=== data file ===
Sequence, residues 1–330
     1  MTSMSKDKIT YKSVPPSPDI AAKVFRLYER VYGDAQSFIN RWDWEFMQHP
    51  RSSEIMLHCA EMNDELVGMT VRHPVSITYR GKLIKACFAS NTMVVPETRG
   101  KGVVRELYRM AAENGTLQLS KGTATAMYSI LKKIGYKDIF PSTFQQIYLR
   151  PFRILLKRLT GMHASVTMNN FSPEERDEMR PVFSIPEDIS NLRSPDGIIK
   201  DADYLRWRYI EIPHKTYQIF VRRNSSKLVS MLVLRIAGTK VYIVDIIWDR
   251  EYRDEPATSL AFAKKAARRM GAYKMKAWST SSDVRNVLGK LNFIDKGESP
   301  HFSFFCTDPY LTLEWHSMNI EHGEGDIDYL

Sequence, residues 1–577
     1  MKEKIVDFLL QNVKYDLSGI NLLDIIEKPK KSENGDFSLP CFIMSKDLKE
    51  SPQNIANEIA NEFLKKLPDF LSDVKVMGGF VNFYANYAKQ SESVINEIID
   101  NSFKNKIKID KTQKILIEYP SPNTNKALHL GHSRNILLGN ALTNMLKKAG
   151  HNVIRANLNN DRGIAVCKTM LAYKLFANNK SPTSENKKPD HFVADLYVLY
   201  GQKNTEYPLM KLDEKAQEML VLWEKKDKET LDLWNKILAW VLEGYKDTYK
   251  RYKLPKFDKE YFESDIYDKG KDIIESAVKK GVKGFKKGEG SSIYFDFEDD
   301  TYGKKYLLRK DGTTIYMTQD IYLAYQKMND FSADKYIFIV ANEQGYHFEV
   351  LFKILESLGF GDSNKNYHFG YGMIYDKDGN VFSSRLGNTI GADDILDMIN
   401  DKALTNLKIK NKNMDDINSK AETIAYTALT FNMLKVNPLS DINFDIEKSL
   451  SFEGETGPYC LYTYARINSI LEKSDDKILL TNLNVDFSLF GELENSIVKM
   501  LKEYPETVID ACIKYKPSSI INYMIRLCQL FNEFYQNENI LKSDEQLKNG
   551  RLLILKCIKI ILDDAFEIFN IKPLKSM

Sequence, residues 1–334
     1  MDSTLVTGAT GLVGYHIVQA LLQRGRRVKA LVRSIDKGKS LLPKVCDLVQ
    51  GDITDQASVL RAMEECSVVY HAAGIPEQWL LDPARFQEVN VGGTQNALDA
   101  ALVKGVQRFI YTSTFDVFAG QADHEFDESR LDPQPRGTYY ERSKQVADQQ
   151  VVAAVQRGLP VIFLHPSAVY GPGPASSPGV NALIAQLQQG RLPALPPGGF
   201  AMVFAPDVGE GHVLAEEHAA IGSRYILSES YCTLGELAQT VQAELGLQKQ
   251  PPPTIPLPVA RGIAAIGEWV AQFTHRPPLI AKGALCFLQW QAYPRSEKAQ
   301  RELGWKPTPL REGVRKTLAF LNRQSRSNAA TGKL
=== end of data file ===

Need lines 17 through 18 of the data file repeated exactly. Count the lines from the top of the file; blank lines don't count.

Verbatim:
   351  LFKILESLGF GDSNKNYHFG YGMIYDKDGN VFSSRLGNTI GADDILDMIN
   401  DKALTNLKIK NKNMDDINSK AETIAYTALT FNMLKVNPLS DINFDIEKSL